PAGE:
All of us, each one, have gone down from Jerusalem to Jericho; we have each one spurned the fruit of the Tree of Life for the fruit of the tree of the knowledge of good and evil. And so we have each one been set upon by thieves and fallen under the subsequent bitterness of the lust of the eyes, the lust of the flesh and the pride of life. We are stripped of the Robe of Light. We are in darkness, yet we think we are enlightened; we are in ignorance, yet we think we are wise; we are spiritually dead, yet we think we are alive.

Christ, the Good Samaritan, comes to us as the light shining in the darkness. He comes to us on an ass, in our own human nature that He received from the Blessed Virgin Panagia that He might clothe us again in a Robe of Light. He ascended the Cross freely, of His own will in His loving obedience to the Father and out of His great compassion for us. He ascended the Cross not in defeat but in victory. For, He slayed hell with the splendor of His Godhead. He shattered the iron doors of hell. He destroyed death by His death and now He comes to each of us lying half-dead on the side of the road to raise us up in His mystical goodness and to give us His own eternal life, if we want it. We know this is true through faith, i.e. through a knowledge that is higher than the dialectic of ratiocination because it is born from the love of God in His goodness. In faith, we experience the joy and light of Christ descending on our soul from above when we receive Him and give ourselves to His Holy Church.

In the parable, the inn is Christ’s Holy Church. The oil and the wine with which Christ treats the man lying on the road, and the denarri that He gives to the innkeeper are the sacraments of the Church, the “medicine of immortality” by which Christ’s Holy Church nurses us back to health. The ascetic disciplines of the Church are the cross of Christ that Christ gives us to take up as our own weapon of victory by which we are made able to slay hell in the splendor of Christ’s own Godhead, and to make our death into the death of the old man and the beginning of our resurrection in the New Man which is Christ.

The pure in heart shall see God; yet, long before we become pure enough even to see God, we know Him because we experience Him. His uncreated light sends out invisible rays of joy that touch the soul as soon as she turns to Him. She does not see the light of God, but she feels it in the lightness of the soul that the joy of God brings.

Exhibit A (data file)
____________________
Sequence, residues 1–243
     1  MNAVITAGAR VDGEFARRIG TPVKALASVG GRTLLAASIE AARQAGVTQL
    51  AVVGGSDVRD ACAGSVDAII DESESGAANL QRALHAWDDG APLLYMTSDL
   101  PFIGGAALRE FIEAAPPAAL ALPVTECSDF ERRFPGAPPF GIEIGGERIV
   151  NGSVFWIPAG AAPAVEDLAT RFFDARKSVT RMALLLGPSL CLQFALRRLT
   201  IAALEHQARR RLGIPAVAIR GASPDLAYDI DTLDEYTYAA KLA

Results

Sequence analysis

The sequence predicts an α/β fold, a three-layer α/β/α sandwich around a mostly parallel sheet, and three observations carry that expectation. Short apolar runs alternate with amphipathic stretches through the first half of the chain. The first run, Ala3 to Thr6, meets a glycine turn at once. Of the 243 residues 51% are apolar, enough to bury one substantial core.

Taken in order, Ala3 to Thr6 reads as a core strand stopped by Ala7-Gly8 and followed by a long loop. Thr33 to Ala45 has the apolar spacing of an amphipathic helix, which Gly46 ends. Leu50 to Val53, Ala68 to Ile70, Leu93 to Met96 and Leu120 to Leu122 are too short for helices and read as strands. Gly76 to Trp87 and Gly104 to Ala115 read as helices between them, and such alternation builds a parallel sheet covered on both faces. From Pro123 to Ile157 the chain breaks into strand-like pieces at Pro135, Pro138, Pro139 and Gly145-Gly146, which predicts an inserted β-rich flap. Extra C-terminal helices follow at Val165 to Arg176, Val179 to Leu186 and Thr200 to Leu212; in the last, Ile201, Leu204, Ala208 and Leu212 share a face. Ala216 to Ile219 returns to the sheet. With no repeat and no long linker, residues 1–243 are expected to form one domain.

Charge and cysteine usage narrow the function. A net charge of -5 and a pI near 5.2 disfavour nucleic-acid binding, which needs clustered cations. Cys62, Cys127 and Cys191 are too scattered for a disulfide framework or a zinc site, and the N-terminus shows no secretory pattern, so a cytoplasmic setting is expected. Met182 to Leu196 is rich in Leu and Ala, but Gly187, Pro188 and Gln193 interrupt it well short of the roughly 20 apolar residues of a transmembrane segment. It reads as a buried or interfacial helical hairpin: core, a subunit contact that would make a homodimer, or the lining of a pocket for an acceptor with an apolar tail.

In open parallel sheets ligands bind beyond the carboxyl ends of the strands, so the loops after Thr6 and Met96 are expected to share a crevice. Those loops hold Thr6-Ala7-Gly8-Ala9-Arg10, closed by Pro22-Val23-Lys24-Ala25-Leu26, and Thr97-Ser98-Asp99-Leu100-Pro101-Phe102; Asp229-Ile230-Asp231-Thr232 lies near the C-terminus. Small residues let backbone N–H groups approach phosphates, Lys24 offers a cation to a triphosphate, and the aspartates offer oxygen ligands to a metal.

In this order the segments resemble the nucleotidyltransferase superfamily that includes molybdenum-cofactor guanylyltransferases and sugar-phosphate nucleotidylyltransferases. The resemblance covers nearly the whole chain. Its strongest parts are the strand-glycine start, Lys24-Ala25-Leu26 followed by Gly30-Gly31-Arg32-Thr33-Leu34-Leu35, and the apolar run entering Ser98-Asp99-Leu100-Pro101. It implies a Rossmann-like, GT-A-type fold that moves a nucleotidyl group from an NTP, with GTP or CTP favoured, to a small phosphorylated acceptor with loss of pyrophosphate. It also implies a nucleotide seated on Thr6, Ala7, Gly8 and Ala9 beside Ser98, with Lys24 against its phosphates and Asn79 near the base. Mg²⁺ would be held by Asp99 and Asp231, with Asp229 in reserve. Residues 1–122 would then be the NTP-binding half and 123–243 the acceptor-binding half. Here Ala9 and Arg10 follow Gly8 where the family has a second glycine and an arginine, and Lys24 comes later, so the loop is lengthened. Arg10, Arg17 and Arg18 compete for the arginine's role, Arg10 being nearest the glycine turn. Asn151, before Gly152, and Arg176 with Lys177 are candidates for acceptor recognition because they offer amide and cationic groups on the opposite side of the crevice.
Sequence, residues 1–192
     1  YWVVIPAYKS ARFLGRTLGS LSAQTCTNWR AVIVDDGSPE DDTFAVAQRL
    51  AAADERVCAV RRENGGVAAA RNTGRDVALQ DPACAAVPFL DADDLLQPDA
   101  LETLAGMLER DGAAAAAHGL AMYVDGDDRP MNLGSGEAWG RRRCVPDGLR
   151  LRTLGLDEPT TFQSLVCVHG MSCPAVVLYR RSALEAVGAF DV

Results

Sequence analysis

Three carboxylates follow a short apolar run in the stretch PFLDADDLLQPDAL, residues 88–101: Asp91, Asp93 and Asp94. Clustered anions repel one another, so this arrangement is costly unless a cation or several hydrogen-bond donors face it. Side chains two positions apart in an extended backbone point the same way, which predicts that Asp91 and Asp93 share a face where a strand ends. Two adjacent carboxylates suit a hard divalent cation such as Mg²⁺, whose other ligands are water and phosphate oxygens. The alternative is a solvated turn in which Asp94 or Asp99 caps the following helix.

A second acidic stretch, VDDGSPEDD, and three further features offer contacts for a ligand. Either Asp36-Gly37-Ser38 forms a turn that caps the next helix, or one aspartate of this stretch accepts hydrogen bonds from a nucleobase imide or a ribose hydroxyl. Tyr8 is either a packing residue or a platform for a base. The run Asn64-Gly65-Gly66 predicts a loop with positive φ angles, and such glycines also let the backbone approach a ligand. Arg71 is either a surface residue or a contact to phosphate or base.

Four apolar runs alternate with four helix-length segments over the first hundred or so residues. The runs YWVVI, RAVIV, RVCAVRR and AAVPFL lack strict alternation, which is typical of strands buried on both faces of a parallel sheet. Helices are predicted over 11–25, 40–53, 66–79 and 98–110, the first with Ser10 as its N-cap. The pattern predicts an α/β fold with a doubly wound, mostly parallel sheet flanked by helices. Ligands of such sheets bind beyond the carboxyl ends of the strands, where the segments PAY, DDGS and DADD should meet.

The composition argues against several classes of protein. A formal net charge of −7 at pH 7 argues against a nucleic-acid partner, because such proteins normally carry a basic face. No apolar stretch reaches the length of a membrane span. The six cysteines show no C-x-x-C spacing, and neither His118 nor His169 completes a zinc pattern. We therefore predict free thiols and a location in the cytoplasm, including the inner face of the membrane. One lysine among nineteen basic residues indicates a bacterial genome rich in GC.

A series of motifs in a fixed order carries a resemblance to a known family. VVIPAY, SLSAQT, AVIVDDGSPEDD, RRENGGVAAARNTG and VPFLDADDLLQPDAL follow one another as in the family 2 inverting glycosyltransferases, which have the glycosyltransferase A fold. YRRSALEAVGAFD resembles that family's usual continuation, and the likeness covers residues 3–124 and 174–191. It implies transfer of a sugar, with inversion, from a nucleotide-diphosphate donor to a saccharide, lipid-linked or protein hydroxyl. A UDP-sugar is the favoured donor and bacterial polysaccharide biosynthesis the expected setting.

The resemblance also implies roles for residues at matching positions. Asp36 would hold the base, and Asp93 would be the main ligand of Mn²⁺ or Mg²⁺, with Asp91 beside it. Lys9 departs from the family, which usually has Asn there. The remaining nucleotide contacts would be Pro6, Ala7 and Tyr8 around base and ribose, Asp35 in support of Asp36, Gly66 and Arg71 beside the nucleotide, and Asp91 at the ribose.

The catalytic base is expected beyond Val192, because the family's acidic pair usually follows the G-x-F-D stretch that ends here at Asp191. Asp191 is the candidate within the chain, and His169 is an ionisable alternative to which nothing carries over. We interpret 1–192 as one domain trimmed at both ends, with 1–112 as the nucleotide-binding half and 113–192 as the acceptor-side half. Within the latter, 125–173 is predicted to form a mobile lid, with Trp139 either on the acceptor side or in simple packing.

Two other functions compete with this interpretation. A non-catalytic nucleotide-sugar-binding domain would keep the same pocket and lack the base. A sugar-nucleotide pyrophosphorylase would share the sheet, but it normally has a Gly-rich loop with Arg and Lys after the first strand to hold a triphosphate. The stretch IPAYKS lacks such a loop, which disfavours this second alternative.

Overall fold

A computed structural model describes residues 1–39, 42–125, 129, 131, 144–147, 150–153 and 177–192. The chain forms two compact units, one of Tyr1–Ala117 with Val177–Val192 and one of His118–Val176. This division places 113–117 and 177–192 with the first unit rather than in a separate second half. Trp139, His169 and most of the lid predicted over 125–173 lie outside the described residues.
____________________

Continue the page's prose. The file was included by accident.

“Go and do likewise,” Christ says to those who have received Him in Baptism and Holy Chrismation, who have experienced His goodness in the joy and light with which He anoints the soul. As did Christ, submit yourself in obedience to the Father and take up the Cross of repentance. As St Peter says in his second epistle, “flee” from the corruption that is in the world in the desires of lust and pride, and run to Christ in answer to His call to become partakers of His own glory and virtue, even His own divine nature in the fruit of the Tree of Life that is before you in the middle of the Garden of Christ’s Holy Church. Let Christ clothe you in His Holy Church with the Robe of Light, the uncreated light of His glory, as you were clothed by the priest in your baptism. Rise up in your mind and soul out of the darkness of the world and stand in the radiant company of the saints and learn the love of God that is full of light and life, that heals and makes whole and raises up those who were dead into the warm light of His own eternal life. And, in the love of Christ that has given you, go and give the love of Christ to your neighbor, even to your enemy. Keep your heart and mind in the inn of the Church, and let the love of God, cleansing you and filling your heart with spiritual joy, transfigure your life into a joyful ministration of Christ’s goodness to those lying on the road around you half dead, sharing with them the death-destroying and life-creating love of Christ’s Holy Pascha that has made you alive in joy and that is now nursing you back to health in light. May God help us to “go and do likewise” in the joy and love of His beloved Son, Our Lord Jesus Christ, through the prayers of His saints and His All-Holy Mother, the Theotokos. Amen.